Center for Professional Selling

Celebrating 25 Years of Sales Education

by Nincy Mathew

Celebrations are underway at Baylor’s Center for Professional Selling. Twenty-five years have passed since Hankamer’s School of Business opened the doors to the nation’s first sales center in January 1985. Since then, the Center continues to be a pioneer in Professional Sales and is home to more than 800 graduates.

The Center will be commemorating the occasion with a week of events taking place Sept. 16-20, 2010.

Those attending will include Baylor faculty, the Center’s Advisory Board, selected students and faculty from other schools.

As the Center celebrates its 25th anniversary, the Journal of Professional Selling and Sales Management (JPSSM) celebrates its 30th anniversary. A joint celebration will occur through a Baylor-sponsored research symposium involving over 50 American and international scholars who will develop articles for the special anniversary issue of JPSSM in June 2011.

Other events will include a meeting with University Sales Center Alliance (USCA) members, a talk on the future of sales and the C-suite, a celebration banquet featuring Coach Scott Drew, and a closing luncheon in partnership with the Ben Williams Distinguished Speaker Series, which will feature Baylor’s President Ken Starr.

The Center for Professional Selling grew out of the desire for the Marketing department to set itself apart and the emerging demand from industry representatives.

“Our Center for Professional Selling offers Hankamer a unique advantage over most other schools,” said Chris Pullig, department chair of Marketing. “We simply have a huge head start on other programs who are now imitating what we have done for years. The programs we offer are preparing our students to obtain great career placement and rapid advancement.”

In the Center’s beginning years, Stan Madden, Marjorie Cooper and Lawrence Chonko devoted themselves to putting together a committed Advisory Board and finding financial support for the program they wanted to begin. The Advisory Board now consists of members who hold senior level positions in their respective companies and organizations and provide an invaluable service in the areas of curriculum review, professional development, student recruitment, and career placement.

From the beginning, the Center offered students unique resources such as a sales library and sales laboratory, which provided video playback capabilities for students to review their performances. In its first two years, Hankamer’s Sales Center doubled the sales-related curricula offered by most universities, ensuring that students would receive the most up-to-date instruction in the field.

The Center also started a chapter of Pi Sigma Epsilon in 1986, an affiliate of sales and marketing executives, which was then responsible for selling display advertising in Baylor’s student newspaper, The Lariat, almost doubling the size of each issue.

“This program gave our students selling experience in the real marketplace and resulted in revenue increases in Lariat advertising that the paper had never experienced before,” said Marjorie Cooper, professor of Marketing.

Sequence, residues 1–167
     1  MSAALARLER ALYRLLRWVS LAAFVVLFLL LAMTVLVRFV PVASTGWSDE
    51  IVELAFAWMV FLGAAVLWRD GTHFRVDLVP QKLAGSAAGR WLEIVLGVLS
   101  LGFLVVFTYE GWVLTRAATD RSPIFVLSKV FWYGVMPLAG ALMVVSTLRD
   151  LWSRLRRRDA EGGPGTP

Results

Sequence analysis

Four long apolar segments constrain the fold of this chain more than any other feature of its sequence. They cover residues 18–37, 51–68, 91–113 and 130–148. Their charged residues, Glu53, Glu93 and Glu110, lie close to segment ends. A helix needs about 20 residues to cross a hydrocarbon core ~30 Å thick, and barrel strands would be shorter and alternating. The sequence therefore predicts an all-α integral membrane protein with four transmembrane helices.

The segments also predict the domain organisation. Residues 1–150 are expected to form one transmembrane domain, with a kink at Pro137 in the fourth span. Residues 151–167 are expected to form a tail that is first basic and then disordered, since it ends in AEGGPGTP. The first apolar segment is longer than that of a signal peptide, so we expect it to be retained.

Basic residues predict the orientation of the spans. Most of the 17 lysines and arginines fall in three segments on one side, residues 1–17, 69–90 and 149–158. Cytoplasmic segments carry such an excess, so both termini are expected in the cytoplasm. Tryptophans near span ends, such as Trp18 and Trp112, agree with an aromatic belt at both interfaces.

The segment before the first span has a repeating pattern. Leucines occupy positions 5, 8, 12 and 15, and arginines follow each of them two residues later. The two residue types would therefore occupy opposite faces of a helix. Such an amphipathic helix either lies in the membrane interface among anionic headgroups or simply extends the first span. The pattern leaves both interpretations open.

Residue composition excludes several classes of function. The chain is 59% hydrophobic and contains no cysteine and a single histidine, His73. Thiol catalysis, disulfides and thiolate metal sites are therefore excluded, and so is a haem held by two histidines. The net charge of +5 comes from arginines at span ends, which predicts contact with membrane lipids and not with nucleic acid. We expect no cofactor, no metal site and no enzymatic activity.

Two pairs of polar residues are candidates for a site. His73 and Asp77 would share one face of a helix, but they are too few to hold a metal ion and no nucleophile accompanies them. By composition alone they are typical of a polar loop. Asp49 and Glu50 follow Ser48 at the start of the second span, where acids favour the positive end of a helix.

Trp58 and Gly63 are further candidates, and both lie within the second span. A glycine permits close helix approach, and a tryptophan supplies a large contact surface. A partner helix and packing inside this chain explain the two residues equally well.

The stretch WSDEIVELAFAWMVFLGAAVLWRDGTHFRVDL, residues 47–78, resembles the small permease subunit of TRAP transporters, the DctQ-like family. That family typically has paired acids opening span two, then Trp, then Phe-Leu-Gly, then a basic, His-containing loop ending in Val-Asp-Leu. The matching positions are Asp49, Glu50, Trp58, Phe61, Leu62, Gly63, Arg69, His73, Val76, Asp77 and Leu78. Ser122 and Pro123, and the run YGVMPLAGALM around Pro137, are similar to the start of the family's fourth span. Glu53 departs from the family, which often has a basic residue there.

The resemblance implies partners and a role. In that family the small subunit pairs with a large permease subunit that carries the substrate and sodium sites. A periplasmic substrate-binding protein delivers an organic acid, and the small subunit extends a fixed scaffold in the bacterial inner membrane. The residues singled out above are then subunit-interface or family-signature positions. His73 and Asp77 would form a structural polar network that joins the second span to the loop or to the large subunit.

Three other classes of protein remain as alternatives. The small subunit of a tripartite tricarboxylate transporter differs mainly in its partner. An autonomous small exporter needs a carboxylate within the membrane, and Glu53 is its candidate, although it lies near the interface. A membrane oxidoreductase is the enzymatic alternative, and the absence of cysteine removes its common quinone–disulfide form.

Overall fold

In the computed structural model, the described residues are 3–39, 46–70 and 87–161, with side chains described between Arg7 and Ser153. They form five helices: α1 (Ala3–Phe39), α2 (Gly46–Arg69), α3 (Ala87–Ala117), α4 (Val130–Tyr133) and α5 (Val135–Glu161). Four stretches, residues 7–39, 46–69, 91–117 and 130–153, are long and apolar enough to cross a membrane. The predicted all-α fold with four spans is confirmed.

However, the Center did fight obstacles along the way. Leaders at Baylor and leaders of similar centers at other universities struggled with creating an academic identity for the professional sales field.

“The first five years we were learning how to act like a center and eventually we began to function like a center,” said Stan Madden, Ben H. Williams Professor of Marketing.

Many traditional academicians also viewed the sales discipline as less academic and more of a trade profession, arguing that sales had no place at a top tier university.

Yet, the Center for Professional Selling at Baylor and similar centers launched at many other universities have made their point. Since 1985, 38 schools have now integrated selling into their business schools, either through centers, majors or classes offered.

“It is hard work to launch the first center in the nation,” said Andrea Dixon, present executive director of the Center for Professional Selling. “People here were doing groundbreaking work.”

According to national statistics, 75 percent of business graduates start their careers in sales; 90 percent of Baylor marketing students take at least one professional selling class.

Bill Weeks, one of the early leaders of the Center for Professional Selling, said the focus continues to be on student development and corporate relations, which creates a foundation for a changing curriculum.

Cooper said former and current faculty continue to work to ensure that the Center supports a curriculum focused on preparing students for successful sales careers, at the entry level and beyond.

“We should help our students develop a truly ethical and moral commitment to their conduct of business wherever they go with their careers,” Cooper said.

Advisory Board Members

David Alexander, Stackhouse Garber Associates
Jim Anderson, ETCetera International, Inc.
Curt Barker, North American Building Materials
DeAnn Bartlett, HP
Bob Custer, 3M / Electrical Products
John Firmin, Firmin Enterprises
Ron Gajewski, Beyond ROI
John Guttery, Hilti
David Lockett, Dell, Inc.
Wes McDaniel, Ideal Impact, Inc.
Paul Nelson, IBM Corporation
Ken Peterson, Peterson & Associates
Joe Urbanek, Emerson Process Management
Jeff York, Paycom Payroll, LLC

www.baylor.edu/business/selling

pdf icon

 

 

Baylor Business Review, Fall 2010



Leave a Comment